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Old 07-08-2008, 11:55 AM   #31
MrMagic
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Default Re: True Or False?

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Originally Posted by redrooster
I don't think he could lick someone like Bowe but he was a respectable champion for a long while.
Yeah, that's why Bowe threw his belt away to avoid Lennox.


Suuuuuuuuuuuuure.
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Old 07-08-2008, 12:04 PM   #32
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Default Re: True Or False?

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Originally Posted by janitor
If you are going to exclude Lennox Lewis from all time great status on the basis of his chin then a good few other historic fighters will get their credentials called into question.

Tommy Hearns to name but one.
Not at all. Just a matter of semantics.

I was going with Stonehands' differentiation between "all-time great" and "elite". Lewis is in my all-time top ten; just not in my top three or even five.

Why?

As you well know, especially at heavyweight you need an excellent chin lest you run into a bus, regardless of other quality tools you may have. Had Hearns had a better chin, he likely would have prevented his loss to Leonard.

Had Ali had an unreliable chin, Shavers may have kayoed him with one punch when he was clowning early on and absorbed that massive right.

Not to mention Holmes vs. Shavers.

And on and on.
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Old 07-08-2008, 12:32 PM   #33
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Originally Posted by McGrain
He's arguably the #3 HW, all time. He should always, always be rated above Tyson whom he destroyed.
Yeah, a 240 lb depleted, slower, past it Mike Tyson which he probably should have disposed earlier in the fight. Tyson didn't have much to offer and Lennox looked politely scared, probably out of respect for whatever power Tyson had left. Lewis vs Tyson, prime for prime, should have happened in the early 90's but we all know what happened to Tyson after the Douglas fight. As far as I'm concerned, Lennox Lewis rounds out the top ten HOAT, behind Frazier, Foreman and Holmes. I have him ahead of Sonny Liston, but he's not top five. That's reserved for Jack Johnson #1, Ali #2, Joe Louis #3, Marciano #4, and Dempsey #5.
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Old 07-08-2008, 12:47 PM   #34
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You can't just look at those two fights when deciding if Lewis is an ATG you have to look at his entire career. Archie Moore got knocked out in one round against Leonard Morrow doesn't stop him from being an ATG.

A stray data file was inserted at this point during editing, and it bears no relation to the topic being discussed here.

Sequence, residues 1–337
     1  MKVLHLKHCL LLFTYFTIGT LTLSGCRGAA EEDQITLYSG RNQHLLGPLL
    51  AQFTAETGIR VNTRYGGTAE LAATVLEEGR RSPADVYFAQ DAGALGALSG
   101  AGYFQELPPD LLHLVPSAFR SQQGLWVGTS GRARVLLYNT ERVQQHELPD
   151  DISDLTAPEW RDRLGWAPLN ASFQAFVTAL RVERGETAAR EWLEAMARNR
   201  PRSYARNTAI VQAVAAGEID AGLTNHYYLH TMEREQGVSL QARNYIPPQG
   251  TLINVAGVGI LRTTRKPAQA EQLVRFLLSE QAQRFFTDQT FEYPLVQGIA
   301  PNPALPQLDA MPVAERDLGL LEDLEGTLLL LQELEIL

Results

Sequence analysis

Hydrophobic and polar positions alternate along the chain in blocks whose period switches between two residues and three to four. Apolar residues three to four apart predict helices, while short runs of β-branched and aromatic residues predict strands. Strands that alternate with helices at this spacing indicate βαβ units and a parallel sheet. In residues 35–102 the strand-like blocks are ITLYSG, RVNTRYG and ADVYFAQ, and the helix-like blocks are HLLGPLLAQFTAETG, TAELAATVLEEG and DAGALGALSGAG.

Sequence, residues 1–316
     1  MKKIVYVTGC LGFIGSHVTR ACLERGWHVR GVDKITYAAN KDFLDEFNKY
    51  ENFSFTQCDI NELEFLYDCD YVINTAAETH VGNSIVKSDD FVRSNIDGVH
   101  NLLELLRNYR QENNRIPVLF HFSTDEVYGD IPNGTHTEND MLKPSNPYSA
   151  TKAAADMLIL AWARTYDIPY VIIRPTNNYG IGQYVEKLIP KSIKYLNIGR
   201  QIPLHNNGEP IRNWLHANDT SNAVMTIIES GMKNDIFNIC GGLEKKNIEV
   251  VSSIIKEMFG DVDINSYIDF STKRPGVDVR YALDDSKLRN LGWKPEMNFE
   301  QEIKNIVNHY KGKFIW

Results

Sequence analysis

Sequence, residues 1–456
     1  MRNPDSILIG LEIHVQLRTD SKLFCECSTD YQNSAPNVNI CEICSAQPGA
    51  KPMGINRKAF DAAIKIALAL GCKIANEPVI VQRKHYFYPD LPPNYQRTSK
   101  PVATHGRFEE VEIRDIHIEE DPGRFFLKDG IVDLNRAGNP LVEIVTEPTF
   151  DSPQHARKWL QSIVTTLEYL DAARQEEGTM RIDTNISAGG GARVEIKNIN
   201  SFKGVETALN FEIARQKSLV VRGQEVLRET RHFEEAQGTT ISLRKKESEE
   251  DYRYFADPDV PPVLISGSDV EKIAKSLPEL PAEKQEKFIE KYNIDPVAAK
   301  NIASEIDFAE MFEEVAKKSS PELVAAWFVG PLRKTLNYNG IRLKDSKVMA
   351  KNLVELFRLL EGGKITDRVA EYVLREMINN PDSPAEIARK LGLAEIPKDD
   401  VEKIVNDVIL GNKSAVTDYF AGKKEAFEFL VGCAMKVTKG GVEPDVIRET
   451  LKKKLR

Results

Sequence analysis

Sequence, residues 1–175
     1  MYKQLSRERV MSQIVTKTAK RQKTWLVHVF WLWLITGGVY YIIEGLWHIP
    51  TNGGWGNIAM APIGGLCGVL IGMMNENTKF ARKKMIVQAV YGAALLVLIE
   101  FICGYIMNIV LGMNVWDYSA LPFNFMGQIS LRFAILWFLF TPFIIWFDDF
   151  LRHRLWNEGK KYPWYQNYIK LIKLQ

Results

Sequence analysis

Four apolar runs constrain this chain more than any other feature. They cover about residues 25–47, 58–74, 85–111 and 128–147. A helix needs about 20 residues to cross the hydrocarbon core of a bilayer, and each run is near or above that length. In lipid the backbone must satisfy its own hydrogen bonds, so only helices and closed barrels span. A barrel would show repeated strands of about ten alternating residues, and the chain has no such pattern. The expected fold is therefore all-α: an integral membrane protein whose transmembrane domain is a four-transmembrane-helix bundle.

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Old 07-08-2008, 01:11 PM   #35
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Default Re: True Or False?

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Although the Rahman and McCall losses came during Lewis's prime, I don't think either of them occurred during his absolute peak. Sure, he was 29 years old, undefeated in 25 fights, and a two time olympian when he fought oliver McCall, but i do think that training with Manny Steward made him better. As for the Rahman loss, one could say that he was still the best heavyweight in the world, but at the age of 35 and nearing the end of his career, I wouldn't call this a peak version either.

In my opinion, Lewis's prime stretched from about 1992-2000, with his peak years coming probably between 1996-1999.

LOL. In denial.


Also I would like to add if ur saying the peak lewis was the one who I watched get outjabbed and outworked in a dead even fight by a 36 year old ray mercer, and who was unable to floor, stagger or establish dominance against a 37 year old evander holyfield in 24 rounds, perhaps hes not who we thought he was.


I think Lennox looked most impressive vs ruddock, but hey what do I know. When lennox used his underated left hook, he was devastating. when steward made him go right hand crazy, he didnt appeal to me as much.
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Old 07-08-2008, 01:12 PM   #36
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Default Re: True Or False?

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Originally Posted by Minotauro
You can't just look at those two fights when deciding if Lewis is an ATG you have to look at his entire career. Archie Moore got knocked out in one round against Leonard Morrow doesn't stop him from being an ATG.

this is a poor example because archie moore had over 200 professional fights. lennox had just 43 fights.
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Old 07-08-2008, 02:00 PM   #37
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Originally Posted by SuzieQ49
this is a poor example because archie moore had over 200 professional fights. lennox had just 43 fights.
There are examples of consensus ATGs with knockout losses to B level fighters in other weight classes.

Tiger Flowers is one example.
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Old 07-08-2008, 02:07 PM   #38
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Originally Posted by SuzieQ49
this is a poor example because archie moore had over 200 professional fights. lennox had just 43 fights.